2020–2021 BCSC Basic and Clinical Science Course™
4 Ophthalmic Pathology and Intraocular Tumors
Part II: Intraocular Tumors: Clinical Aspects
Chapter 20: Ocular Involvement in Systemic Malignancies
Secondary Tumors of the Eye
Direct Intraocular Extension
In contrast to intraocular metastases, direct extension of extraocular tumors into the eye is rare because the sclera is usually an effective barrier to such invasion. Intraocular extension occurs most commonly with conjunctival squamous cell carcinoma and less frequently with conjunctival melanoma and basal cell carcinoma of the eyelid. Only a small minority of carcinomas of the conjunctiva penetrate the globe, and these are often aggressive variants of squamous cell carcinoma: mucoepidermoid, adenoid, and spindle cell carcinoma. These neoplasms usually recur several times after local excision before they invade the eye. For more information on conjunctival tumors, see BCSC Section 8, External Disease and Cornea.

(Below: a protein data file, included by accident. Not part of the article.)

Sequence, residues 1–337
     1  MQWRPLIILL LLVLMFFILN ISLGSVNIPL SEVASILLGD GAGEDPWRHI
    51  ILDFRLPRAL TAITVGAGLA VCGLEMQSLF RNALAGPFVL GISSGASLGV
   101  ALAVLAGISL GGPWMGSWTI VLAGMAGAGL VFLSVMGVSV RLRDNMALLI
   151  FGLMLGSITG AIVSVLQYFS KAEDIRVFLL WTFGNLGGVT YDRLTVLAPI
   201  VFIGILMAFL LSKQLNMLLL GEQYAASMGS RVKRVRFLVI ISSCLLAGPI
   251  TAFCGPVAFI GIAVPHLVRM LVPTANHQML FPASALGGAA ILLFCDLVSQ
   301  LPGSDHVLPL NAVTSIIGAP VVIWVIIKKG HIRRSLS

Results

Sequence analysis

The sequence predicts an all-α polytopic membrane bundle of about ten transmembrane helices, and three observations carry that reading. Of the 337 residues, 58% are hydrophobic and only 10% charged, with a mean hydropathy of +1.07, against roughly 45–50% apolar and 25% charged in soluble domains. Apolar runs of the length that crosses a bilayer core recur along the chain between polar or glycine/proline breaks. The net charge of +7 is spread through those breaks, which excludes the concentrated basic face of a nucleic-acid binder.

Excerpted from BCSC 2020-2021 series: Section 4 - Ophthalmic Pathology and Intraocular Tumors. For more information and to purchase the entire series, please visit https://www.aao.org/bcsc.